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RE: [EFM] Network timing, ATM, ADSL/VDSL and EFM

FWIW, I've always used the rule of thumb that for N bits-worth of QoS
complexity you build into a network node, you get to use another 1/2^^(N+1)
fraction of the potential capacity, or something like that, for small values
of N. Of course this is a very rough rule and applies only to class-based
queueing nodes, not individual flows. It also doesn't take account of the
complexity of any mechanisms to police traffic as it enters the network.
Note also that this is layer-independent. So, for example:

    Bits of QoS     Usable cap.   Example
         0             50%        Switched FullDup Ethernet
         1             75%        3Com's PACE(tm)
         3             94%        802.1D traffic classes
         6             99%        IETF's Diffserv

But the point is that it is a game of rapidly dimishing returns: people
shouldn't knock the idea of merely "throwing bandwidth at the problem" - in
many economic situations that is exactly the *right* thing to do.

Andrew Smith

-----Original Message-----
[]On Behalf Of Matt Squire
Sent: Friday, September 28, 2001 3:11 PM
To: Roy Bynum
Subject: Re: [EFM] Network timing, ATM, ADSL/VDSL and EFM

I agree as long as I can make a few assumptions...

1) the links aren't heavily loaded, and
2) there aren't a large number of hops (ie Internet scale # of hops)

Once the links start getting loaded, your performance becomes less
predictive, packets get dropped, wait longer, etc., and QoS structures
(queueing, policing, shaping, etc) become important.

As you get into larger networks, there are more merge/congestion points,
and you require some way to control the merged traffic streams else the
jitter can grow unacceptable even at lower congestion levels.

But big fat pipes certainly solve a lot of problems...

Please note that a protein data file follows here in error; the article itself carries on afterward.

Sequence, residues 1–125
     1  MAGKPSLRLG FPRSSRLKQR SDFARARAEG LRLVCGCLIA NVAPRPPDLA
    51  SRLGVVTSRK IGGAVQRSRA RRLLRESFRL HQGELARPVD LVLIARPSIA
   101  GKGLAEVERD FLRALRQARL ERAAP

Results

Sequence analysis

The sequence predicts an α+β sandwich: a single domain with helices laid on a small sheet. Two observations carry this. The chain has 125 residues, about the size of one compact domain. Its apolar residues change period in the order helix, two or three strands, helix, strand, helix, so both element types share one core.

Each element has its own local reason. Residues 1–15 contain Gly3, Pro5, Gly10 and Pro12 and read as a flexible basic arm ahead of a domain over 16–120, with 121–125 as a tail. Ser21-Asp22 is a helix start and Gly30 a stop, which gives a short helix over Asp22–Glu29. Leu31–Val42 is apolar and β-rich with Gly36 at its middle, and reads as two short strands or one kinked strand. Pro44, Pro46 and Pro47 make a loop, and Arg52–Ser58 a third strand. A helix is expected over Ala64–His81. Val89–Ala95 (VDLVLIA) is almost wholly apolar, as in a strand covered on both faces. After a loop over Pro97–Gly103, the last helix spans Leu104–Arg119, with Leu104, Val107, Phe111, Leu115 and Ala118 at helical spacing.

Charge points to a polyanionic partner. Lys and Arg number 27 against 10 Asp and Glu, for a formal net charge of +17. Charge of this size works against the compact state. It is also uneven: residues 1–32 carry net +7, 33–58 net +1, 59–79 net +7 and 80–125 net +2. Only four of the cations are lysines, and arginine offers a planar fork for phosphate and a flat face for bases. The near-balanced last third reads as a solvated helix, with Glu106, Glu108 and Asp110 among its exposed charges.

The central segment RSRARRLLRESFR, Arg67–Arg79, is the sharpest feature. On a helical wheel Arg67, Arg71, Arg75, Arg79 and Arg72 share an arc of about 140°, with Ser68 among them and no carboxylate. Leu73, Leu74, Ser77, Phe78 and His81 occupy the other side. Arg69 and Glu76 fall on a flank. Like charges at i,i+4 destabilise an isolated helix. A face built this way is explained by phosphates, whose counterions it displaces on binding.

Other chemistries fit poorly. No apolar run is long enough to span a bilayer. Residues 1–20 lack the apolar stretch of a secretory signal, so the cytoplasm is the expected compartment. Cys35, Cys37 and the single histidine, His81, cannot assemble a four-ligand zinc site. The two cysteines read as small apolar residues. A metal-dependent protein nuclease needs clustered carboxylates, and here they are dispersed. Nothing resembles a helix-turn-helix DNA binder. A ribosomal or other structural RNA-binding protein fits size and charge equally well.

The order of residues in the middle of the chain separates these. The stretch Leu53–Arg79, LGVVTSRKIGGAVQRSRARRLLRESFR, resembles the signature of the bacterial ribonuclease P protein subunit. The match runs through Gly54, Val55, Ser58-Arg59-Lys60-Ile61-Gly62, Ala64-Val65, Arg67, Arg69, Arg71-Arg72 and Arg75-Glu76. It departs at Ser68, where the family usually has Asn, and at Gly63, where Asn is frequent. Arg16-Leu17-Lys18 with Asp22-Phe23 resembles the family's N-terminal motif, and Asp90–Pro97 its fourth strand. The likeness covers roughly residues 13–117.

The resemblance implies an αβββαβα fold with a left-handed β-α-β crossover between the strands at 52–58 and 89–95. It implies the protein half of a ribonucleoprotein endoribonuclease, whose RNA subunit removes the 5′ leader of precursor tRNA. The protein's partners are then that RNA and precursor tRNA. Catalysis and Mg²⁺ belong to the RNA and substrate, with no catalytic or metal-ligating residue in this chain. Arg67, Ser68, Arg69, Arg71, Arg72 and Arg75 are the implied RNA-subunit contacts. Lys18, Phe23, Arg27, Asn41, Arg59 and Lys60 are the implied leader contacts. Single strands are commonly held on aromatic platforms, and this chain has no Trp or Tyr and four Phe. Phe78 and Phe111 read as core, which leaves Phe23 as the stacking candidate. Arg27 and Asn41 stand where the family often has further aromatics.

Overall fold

- Matt

Roy Bynum wrote:
> Matt,
> Part of the work that I have been doing in a lab for the last two years to
> characterize Ethernet transmission functionalities.  One of the surprising
> things was how stable Ethernet inherently is.  Non-routing, switched GbE
> Ethernet will often have a worst case data latency variance of a few
> microseconds.  The end to end latency is more a factor of speed of light
> latency than system latency.  This is several factors better than what is
> normally expected of standard IP infrastructure.  Other than something to
> handle "circuit" overloading, Ethernet does not normally need QOS.
> Thank you,
> Roy Bynum
> At 02:38 PM 9/28/01 -0400, Matt Squire wrote:
> >Not being a billionaire, I tend to pay attention to taxes.
> >
> >There are numerous examples of providing both voice and video over
> >Ethernet networks.  The examples require prioritation and QoS at layers
> >2 and/or 3.  But its more than possible, its already working.
> >
> >The QoS is not free, and the jitter and wander over variable size packet
> >networks are generally higher, but the end result is cheaper and the
> >quality of the service can be engineered to be acceptable.
> >
> >- Matt
> >